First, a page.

The Chapter 2 Tour of the Bay Bridge construction project on September 26, 2012 was well attended and received. The day was perfect, not too hot or windy, for a boat ride under the bridge.

We are lucky to reside in the Bay Area, where world class projects like this are happening and accessible to folks like us.

To see a series of photos from the event, click on the link below. Thanks to our members for sharing these photos.




Chapter 2 was well-represented at the 58th Annual International Education Conference in Seattle in June. Each member of our Executive Board attended, in addition to a number of other Chapter 2 members. Seattle appears to have been a very popular destination, with a record-setting number of attendees at the conference.

Our hosts ensured it was a great event. They arranged for light rail passes for all the attendees, which allowed them to explore much of Seattle during their free time. Thank you to Puget Sound Chapter 4 and Region 7.

View some photos of Region 1 and Chapter 2 leaders from the event held in Seattle in June by clicking:  Photos


By Kathleen West

On November 28, 2011, Chapter 2 Vice President, Eric Roman, Treasurer, Lisa Robertson and I outreached to a group of real estate students at Diablo Valley College (DVC), a community college located in Pleasant Hill, California.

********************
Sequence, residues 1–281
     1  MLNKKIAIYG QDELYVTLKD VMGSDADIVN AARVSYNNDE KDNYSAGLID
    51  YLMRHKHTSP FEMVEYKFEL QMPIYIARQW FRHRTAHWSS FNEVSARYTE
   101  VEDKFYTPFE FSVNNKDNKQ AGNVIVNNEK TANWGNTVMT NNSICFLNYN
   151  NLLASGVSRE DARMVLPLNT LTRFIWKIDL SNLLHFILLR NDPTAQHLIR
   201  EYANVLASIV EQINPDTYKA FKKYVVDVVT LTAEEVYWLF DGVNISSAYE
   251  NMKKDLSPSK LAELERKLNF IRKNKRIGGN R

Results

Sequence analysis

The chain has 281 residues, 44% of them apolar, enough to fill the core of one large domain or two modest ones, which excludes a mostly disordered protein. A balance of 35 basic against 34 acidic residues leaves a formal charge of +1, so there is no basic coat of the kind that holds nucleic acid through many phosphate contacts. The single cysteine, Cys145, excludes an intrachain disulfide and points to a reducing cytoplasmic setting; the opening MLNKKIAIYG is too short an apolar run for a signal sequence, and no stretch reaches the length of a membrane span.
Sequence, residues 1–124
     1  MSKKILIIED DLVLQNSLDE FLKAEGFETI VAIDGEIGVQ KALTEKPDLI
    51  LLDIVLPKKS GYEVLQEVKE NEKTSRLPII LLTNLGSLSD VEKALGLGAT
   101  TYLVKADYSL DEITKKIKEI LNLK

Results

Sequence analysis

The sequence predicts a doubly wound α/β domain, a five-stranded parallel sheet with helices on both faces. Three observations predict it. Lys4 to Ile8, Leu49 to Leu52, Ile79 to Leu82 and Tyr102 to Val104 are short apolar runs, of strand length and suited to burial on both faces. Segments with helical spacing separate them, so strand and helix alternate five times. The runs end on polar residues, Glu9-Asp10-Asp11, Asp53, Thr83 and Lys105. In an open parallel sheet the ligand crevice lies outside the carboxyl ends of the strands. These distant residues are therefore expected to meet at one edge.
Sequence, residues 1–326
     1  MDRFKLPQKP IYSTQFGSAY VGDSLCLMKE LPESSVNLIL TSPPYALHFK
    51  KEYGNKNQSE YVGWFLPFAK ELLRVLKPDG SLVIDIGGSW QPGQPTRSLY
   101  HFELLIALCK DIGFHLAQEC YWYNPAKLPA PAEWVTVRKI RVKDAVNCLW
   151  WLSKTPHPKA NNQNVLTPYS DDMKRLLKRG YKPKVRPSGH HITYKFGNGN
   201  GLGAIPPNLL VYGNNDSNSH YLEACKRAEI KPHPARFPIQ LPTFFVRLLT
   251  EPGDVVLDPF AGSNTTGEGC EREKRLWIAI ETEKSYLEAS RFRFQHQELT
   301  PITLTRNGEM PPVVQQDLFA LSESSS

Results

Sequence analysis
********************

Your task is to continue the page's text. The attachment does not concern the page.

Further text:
Our goals included: 1) familiarize the students about right of way; 2) discuss how the IRWA can help them in the right of way profession; and 3) expose them to other fields of real estate outside the traditional residential market.

There were approximately 30 students in the class for our presentation. The class instructor is Monique Young, a real estate broker who works for Alain Pinel. I took Monique’s Real Estate Practices class back in 2002 while I was completing my coursework for a California brokers license.

Two of the students in this class work for Contra Costa County and one works for AR/WS, both organizations being actively engaged in the IRWA. The class proved to be a source of interest to people who are already working in right of way and for those that may aspire to be in the future. What a great platform for the IRWA!

Eric made the formal presentation for our group. He educated the students about right of way, right of way projects, the allied network of professions within the right of way field, eminent domain, relocation, and the benefits of membership in a professional organization like the IRWA.

The students asked excellent questions. They were excited to learn about the many facets of right of way and fascinated to know that they can earn a living in real estate without relying on commissions. We bonded with the students further because the three of us who attended on behalf of IRWA Chapter 2 have degrees from prestigious universities, but have each attended DVC at one point.